I woke up early this morning (unusual) and sketched out the idea for this blog post, noting that Rachael Bland’s last tweet had struck a chord (and not just with me). 

By the time I’ve come to edit and post, Rachael has sadly died: 

I felt like I’d got to know Rachael through the fabulous #YouMeBigC podcast on BBC Radio 5, which is currently in it’s second series… it was already doing well, but yesterday got to the number one spot

I had also had a handful of short DM chats, and listened to her chat with another friend, Kate Bottley – covering death, faith and all sorts. Knowing that quite a few people have found it hard to see stories about Rachael in their timeline (as it is something they don’t want to think about – too close to home), I loved this quote, referring to the fact that the podcast had changed the conversation round cancer

Above all, Bland reminded me how social media can still be a huge force for good. She had found personal comfort from people sharing their cancer stories, so she continued to share hers. Her treatments, her days out with her husband and young son – and her race to write a memoir for him – were all documented with purpose and beauty. Guardian

If we get the funding from Macmillan, I hope that we can continue expanding that conversation, and highlighting the strengths and weaknesses of social media as a space for people affected by cancer. 

Just to give a sense of how much Rachael affected people’s lives see: 

And here her podcast pal Deborah James talk about how it’s possible for one person to make a difference (see also her article): 

With an awareness that treatment options were running out (both triple negative and metastatic cancer are things that need much more research), the first podcast of the second series was focused on the topic of ‘death‘, and the focus was that we need to accept that death is a natural part of life (it’s the only sure thing for all of us), and stop using euphemisms, etc…. and you’ll see her colleagues avoiding ‘passing on’ and saying ‘she’s died’.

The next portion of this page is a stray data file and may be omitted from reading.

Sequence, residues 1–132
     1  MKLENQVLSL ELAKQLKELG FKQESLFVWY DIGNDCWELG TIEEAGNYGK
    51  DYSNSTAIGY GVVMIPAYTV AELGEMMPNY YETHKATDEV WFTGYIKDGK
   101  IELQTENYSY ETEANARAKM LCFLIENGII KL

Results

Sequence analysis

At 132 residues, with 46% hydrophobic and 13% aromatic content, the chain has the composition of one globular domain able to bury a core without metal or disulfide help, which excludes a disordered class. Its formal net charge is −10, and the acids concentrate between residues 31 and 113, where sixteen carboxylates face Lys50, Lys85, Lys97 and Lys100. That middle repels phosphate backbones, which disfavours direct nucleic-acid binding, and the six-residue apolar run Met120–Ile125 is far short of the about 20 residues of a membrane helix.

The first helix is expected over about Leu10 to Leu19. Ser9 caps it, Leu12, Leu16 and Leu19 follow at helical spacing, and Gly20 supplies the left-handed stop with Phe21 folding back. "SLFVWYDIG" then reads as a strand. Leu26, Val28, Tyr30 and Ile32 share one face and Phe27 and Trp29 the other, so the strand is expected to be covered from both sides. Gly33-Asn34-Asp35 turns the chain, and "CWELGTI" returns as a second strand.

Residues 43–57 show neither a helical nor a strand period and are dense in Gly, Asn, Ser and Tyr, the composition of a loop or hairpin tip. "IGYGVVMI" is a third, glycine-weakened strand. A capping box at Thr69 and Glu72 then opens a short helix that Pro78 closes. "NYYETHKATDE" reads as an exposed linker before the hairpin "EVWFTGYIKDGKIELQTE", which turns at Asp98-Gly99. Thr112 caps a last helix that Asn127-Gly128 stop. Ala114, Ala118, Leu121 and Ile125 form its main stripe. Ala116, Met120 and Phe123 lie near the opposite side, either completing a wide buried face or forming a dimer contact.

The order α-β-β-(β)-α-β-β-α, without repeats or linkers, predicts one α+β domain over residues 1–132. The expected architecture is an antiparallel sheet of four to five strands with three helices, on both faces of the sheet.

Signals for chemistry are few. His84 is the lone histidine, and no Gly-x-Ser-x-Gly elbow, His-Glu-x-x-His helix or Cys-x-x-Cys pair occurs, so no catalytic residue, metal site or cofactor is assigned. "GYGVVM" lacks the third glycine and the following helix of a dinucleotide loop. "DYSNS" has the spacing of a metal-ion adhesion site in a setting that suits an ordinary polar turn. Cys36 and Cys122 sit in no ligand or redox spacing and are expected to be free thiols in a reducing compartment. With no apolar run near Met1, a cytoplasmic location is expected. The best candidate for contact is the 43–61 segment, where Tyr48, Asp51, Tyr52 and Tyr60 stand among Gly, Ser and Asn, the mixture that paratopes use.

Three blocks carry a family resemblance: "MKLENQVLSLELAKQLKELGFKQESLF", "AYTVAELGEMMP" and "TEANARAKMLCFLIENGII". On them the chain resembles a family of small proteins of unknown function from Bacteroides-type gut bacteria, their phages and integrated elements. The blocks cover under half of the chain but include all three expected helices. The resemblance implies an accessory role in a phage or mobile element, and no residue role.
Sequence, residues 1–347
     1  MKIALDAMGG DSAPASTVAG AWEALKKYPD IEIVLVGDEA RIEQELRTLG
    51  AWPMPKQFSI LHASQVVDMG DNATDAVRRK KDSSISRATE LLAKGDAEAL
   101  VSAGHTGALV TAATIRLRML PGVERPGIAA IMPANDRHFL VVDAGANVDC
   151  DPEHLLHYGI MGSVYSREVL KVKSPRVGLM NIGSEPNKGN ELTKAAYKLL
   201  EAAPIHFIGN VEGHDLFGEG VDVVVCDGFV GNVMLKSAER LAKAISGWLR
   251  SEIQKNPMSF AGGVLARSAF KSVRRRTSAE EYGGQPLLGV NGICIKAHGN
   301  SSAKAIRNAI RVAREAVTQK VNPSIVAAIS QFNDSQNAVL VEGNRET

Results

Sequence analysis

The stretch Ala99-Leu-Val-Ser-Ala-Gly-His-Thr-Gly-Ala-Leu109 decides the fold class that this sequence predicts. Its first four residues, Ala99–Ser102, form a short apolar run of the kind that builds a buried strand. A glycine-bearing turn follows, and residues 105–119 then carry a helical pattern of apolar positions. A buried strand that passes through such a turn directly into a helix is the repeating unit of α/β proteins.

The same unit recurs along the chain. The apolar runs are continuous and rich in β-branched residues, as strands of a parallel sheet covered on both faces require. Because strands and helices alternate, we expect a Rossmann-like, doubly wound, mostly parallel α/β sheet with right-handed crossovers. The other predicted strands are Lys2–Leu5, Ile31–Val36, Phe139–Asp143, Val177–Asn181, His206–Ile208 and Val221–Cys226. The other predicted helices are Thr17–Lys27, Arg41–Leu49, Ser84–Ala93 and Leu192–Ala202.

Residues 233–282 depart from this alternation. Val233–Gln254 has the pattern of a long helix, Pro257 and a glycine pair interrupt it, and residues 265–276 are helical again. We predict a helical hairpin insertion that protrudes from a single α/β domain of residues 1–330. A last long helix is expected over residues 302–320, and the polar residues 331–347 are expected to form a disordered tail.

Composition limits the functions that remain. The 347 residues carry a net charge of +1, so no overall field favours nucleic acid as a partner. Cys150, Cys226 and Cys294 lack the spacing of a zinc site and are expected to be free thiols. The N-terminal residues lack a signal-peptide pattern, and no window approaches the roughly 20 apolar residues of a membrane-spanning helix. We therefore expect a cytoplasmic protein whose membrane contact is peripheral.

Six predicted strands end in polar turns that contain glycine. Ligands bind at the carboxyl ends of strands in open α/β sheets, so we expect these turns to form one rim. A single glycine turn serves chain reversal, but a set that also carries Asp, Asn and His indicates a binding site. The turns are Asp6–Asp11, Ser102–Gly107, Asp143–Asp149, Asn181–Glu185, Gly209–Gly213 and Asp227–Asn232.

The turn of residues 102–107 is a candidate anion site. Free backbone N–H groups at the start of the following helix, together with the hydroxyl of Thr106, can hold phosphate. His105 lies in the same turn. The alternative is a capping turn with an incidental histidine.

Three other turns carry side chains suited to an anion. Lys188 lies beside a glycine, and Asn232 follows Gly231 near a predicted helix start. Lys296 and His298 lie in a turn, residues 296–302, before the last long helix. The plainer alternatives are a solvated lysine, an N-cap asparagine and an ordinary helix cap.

One of the things that has kept me going through treatment, aside from the huge amounts of support – digital, practical, prayerful, was having listening to a Greenbelt talk by my friend Andrew Graystone, about his own experience of prostate cancer, and one of his opening lines was ‘I’m going to die as many times as the rest of you, just once’. We’ve had conversations before about the fact that everything is talked about in 5 or 10 year survival terms, which makes you assume that that’s the best that you’re going to get – so it’s been lovely to hear from people who are 30+ years on, and from another friend that they rarely see people in the palliative care home, because it’s ‘rare’ for people to die from breast cancer these days… though that rarity includes people like Rachael – and is 11,500 women per year. The 5/10 year survival rates are basically tied to research targets – no one wants to fund hugely long-term studies! 

When I attended ‘A Space for Sharing‘, we talked about the fact that those of us with cancer are much more aware of death – it has come so much closer. There are some who really struggle with the social media spaces and forums, because you see the best and the worst of everything – including when people die. As the Chief Macmillan Nurse said, however, once you are in ‘the cancer world’, you are in a circle of people where the likelihood of death is higher, and this has always been the case – whether in physical support groups, or now online support groups.